Stumbling across a well-thumbed copy of Angela Carter’s 1991 novel, Wise Children, in a secondhand bookshop, I was heartened – and a little saddened – to notice that I was not alone in choosing this title as a book to share. For written inside this particular paperback was the following inscription:
You often have to travel far from the self in order to truly find yourself. Your journey to these alien lands is underway now. So go out there searching for the truth and returned enriched.
You have an immense amount of talent; don’t ever let anyone tell you otherwise,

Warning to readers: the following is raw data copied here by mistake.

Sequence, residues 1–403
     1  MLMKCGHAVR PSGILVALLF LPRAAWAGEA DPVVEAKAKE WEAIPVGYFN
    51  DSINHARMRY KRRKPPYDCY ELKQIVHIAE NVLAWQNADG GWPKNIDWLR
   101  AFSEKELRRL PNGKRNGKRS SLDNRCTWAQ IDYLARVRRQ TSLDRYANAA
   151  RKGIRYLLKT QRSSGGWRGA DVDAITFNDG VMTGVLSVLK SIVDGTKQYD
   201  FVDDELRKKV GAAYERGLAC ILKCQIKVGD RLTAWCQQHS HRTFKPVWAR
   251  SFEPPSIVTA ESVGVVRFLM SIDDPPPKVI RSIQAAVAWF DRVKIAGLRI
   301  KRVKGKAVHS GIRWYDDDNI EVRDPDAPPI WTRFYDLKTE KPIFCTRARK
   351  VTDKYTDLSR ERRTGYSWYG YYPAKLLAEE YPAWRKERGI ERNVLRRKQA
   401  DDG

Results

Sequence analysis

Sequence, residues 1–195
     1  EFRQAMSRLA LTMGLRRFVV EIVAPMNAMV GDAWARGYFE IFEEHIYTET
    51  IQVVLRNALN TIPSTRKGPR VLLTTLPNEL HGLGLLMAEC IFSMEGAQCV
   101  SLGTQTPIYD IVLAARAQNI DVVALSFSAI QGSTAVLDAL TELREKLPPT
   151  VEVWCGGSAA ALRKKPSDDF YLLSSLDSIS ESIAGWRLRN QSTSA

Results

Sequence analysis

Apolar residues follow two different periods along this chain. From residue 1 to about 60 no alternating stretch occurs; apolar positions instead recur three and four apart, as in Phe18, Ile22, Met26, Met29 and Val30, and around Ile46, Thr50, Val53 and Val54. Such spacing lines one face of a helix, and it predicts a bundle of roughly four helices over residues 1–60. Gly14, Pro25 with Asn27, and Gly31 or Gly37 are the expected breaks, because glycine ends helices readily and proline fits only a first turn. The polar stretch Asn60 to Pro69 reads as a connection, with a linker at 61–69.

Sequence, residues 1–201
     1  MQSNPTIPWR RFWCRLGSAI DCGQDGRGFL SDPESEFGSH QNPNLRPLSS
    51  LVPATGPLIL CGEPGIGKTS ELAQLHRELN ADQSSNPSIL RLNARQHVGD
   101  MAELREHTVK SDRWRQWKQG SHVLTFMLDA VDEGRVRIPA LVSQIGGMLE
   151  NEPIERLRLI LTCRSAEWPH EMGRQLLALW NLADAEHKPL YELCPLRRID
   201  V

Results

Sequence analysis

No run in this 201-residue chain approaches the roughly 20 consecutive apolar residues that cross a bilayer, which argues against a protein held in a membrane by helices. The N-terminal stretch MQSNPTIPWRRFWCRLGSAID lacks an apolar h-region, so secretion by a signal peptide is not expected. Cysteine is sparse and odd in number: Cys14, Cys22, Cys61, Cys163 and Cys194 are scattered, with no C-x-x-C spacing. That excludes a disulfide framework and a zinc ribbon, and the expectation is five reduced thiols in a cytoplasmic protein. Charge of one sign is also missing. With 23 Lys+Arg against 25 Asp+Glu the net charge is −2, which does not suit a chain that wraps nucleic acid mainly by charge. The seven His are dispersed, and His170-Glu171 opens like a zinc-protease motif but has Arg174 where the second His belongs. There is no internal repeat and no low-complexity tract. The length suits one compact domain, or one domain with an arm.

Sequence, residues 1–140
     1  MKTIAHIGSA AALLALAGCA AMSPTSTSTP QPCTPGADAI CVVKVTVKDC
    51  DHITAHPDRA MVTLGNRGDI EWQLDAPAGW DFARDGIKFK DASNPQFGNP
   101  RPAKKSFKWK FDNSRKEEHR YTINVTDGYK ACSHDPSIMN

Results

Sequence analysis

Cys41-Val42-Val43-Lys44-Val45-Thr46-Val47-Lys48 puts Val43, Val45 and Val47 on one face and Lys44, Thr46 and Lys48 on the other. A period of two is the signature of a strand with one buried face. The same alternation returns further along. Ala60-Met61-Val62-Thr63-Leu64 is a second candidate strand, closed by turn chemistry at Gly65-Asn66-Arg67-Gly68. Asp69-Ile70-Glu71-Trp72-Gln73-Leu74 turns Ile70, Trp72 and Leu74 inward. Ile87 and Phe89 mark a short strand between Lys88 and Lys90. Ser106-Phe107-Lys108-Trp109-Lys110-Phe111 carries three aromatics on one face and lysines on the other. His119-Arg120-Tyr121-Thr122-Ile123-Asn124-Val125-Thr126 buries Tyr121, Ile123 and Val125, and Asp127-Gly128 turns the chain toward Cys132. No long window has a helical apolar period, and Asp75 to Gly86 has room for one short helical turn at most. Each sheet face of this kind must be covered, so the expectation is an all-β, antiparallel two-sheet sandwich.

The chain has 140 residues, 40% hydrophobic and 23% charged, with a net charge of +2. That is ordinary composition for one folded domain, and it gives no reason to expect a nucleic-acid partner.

One can’t help feeling for poor Phil. Do I detect romantic overtones? Or something more paternal? Perhaps a parting of the ways? (Certainly, at least, a parting of the ways for Bridget and this copy of Wise Children.) Whatever the true story behind Phil’s message to Bridget may be, I am not surprised that the novel inspired such an earnest and heartfelt inscription, because Wise Children – Carter’s last and greatest novel – is a book I have forced upon friends and family members over the years and never fail to recommend if asked. I return to it every year or so, always to find myself newly impressed by its brilliance. A fictionalised showbiz memoir charting the slings and arrows inflicted on two very different branches of a once-great theatrical dynasty in London (the legitimate Hazards and the illegitimate Chances), there is a passage early on which, for me, encapsulates the enduring appeal of this novel. (read the full review in the Guardian)